Good Grief and City of Glass on Edinburgh's live music scene
We chat to Edinburgh promoters City of Glass and Good Grief to learn more about what they’re doing to open up the capital's creative community and what grassroots music means to them
In August, during the mayhem of the Fringe, Edinburgh natives are spoiled by choice. It feels that, no matter what your cultural leaning, there’s something for everyone. When it comes to music the International Festival brings some of the best talent to the Scottish capital year after year. However, outwith the month of August, it feels like Edinburgh’s music scene has fallen on hard times. Alongside various venues closures in recent years and constant battles with the council, there’s a prevailing sense (justified or not) that Edinburgh’s local music scene consistently fails to measure up to what’s going on at the other end of the M8.
The events put on as part of the Festival do a great deal to justify Edinburgh’s status as an international city of culture which goes a long way towards securing world-class acts from overseas at other times of the year. However, what’s being done to foster home-grown musical talent in Edinburgh and to cultivate it as a hub for both Scottish music acts and emerging international acts? This is a question DIY promoters City of Glass and Good Grief have been asking themselves – and one which they’ve also been trying to answer. Carving out a space of Edinburgh’s own across venues such as Leith Depot, The Wee Red Bar, Henry’s Cellar Bar and The Biscuit Factory, the two have showcased some of Scotland’s boldest and most exciting bands like Breakfast Muff, DUDS, Savage Mansion, CARBS, Undo, Lush Purr and Commie Cars.
This August, City of Glass and Good Grief are joining forces to bring Atlanta post-punk outfit Omni to Edinburgh’s Leith Dockers Club. As part of the event, which takes place on Sunday 19 August, you can also look forward to a vegan barbecue from local restaurant Harmonium and sets from Edinburgh lo-fi electronic punk Jonny Pariss and Glasgwegian super-band (of sorts) Kaputt, featuring members of Breakfast Muff and Hairband. If you’re not already convinced, all proceeds from the event will go to Drake Music Scotland, a charity which provides specialist technology and teaching methods to support people of all ages and a wide range of disabilities to play, learn and compose music independently.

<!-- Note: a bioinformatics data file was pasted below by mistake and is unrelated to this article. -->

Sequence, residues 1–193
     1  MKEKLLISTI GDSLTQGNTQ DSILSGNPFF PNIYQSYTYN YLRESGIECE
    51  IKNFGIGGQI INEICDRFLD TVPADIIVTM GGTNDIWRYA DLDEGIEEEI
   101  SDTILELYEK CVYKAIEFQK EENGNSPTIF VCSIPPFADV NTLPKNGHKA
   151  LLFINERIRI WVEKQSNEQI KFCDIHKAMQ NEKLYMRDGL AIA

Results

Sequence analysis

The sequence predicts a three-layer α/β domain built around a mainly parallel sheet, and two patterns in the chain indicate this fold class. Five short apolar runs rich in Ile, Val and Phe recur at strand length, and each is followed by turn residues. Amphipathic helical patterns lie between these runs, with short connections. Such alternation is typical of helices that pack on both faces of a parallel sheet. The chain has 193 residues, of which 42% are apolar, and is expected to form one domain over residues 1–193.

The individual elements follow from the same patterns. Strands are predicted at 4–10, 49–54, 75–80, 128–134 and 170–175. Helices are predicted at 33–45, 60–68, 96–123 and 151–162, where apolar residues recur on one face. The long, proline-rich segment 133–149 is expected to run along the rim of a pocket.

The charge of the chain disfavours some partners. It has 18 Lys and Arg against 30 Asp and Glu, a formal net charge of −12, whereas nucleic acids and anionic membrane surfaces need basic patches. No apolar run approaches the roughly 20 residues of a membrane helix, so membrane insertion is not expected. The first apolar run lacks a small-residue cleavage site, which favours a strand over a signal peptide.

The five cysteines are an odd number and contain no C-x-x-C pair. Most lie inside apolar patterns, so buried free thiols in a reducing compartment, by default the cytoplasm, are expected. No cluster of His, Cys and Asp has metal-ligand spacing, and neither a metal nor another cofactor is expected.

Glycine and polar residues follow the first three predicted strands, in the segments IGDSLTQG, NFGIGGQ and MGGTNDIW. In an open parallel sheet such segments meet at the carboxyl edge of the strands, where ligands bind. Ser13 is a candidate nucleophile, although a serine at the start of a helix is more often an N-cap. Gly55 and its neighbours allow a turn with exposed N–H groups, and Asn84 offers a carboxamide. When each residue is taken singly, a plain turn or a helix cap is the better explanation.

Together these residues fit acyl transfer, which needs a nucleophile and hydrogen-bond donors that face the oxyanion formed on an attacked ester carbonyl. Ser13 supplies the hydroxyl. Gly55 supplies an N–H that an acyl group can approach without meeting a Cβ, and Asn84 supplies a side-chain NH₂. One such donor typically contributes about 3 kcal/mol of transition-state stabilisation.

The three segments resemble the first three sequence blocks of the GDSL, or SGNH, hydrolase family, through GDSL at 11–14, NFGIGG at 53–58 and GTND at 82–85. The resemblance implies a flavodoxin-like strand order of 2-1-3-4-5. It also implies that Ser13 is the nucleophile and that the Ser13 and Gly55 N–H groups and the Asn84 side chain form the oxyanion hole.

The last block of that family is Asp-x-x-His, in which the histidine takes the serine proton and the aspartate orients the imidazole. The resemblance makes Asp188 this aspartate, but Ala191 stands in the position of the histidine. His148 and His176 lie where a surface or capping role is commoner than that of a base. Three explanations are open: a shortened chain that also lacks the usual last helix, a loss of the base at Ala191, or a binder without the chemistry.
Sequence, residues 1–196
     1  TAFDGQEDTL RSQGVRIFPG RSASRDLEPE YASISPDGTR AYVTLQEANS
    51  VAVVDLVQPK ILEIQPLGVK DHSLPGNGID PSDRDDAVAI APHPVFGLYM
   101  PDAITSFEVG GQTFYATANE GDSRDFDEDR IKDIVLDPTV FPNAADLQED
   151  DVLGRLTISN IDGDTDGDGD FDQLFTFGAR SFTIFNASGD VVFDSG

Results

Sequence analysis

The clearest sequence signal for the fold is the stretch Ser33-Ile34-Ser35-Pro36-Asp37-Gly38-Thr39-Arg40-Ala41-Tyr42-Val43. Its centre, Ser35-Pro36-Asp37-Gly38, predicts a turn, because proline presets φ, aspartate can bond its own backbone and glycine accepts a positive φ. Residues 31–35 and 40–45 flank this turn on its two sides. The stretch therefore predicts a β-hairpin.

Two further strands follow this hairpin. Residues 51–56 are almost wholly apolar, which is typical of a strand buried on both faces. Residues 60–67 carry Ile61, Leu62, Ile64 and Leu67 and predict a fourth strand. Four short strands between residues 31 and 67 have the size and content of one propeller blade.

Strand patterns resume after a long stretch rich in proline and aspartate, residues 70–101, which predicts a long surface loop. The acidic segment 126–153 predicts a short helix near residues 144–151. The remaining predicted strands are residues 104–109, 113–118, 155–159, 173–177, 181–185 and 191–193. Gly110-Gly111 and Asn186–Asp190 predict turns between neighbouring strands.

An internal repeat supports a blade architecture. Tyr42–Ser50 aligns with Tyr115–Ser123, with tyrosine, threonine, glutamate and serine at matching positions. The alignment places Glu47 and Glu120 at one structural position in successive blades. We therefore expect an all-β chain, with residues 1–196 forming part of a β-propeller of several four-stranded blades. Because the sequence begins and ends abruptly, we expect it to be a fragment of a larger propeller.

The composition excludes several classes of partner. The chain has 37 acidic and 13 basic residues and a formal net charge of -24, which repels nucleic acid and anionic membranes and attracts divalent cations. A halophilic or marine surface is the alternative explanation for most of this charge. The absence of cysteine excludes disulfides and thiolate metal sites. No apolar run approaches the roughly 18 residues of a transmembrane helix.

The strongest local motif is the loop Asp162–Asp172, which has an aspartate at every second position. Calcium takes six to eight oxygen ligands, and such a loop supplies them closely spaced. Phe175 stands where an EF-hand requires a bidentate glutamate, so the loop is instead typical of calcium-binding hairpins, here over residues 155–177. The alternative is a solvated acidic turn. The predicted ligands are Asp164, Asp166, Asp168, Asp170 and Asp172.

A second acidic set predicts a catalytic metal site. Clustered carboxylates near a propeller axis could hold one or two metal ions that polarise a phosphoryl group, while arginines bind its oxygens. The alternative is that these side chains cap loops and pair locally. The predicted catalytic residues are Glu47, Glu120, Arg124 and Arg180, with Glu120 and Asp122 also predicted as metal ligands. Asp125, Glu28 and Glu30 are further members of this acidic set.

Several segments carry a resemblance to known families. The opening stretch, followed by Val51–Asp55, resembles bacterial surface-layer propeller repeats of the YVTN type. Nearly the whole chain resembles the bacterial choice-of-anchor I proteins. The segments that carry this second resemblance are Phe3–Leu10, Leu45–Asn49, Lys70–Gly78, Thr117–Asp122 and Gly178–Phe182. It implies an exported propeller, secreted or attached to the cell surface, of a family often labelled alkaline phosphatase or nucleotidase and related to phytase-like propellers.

After moving up from London a year ago and witnessing the vibrant punk scene in Glasgow, Perry O’Bray became involved with Good Grief, a collective of show promoters aspiring to create more of an Edinburgh culture for the type of music he wanted to hear: "The venue Leith Depot, record label Song, by Toad and gig promoter Braw Gigs are already putting on great shows, so it’s not a matter of single-handedly trying to put Edinburgh back on the map. At Good Grief we’re just trying to put on things that we would like to listen to but that Edinburgh isn’t currently providing. We’re just trying to add to what there already is and hopefully encourage other people to do the same."
In similar DIY spirit, David MacDonald launched City of Glass in 2016, which doubles up as a record label and gig promoter. "I got quite bored of artists or friends complaining about how there’s nothing to do in Edinburgh, or how our music scene isn’t as good as Glasgow’s. It isn’t, obviously, but you’ve got to try, you’ve got to put a bit of effort in – it’s about not being defeatist. There’s a lot of like-minded people in the city so I don’t think I’m doing anything special or new."
But why is it that Glasgow’s music scene has such a better rep than the capital’s? For MacDonald, one of the problems is that we’re constantly comparing the two cities rather than accepting and appreciating Edinburgh’s music scene on its own terms: "Glasgow is so close, but more people live there, there are more venues and there’s just more support for grassroots arts. Also, because Glasgow’s so close if a band put out a new album chances are they’ll only go there and not Edinburgh. Which is part of the reason why we wanted to book this gig at Leith Dockers; Omni is a band I really love and there’s an audience for them here."
MacDonald and O’Bray are part of a wider circle of musicians, venue-owners and promoters trying to make the Edinburgh scene better by pouring their free time and skills into galvanising the talent and support which already exists. As two representatives of the community, what do MacDonald and O’Bray see as the values integral to a grassroots music scene? For MacDonald the answer is simple – "a sense of community and a sense of greater good." O’Bray echoes this sentiment, expanding on it to express his opinion that grassroots values are best exemplified when "the people are making music because they love making and performing music, with no other motives – this is where you get all the interesting stuff and it’s extremely important in local communities and for society as a whole. This is why Good Grief and City of Glass want to support people like Leith Dockers Club and Drake Music, because their work enables this to be created by as many different voices as possible."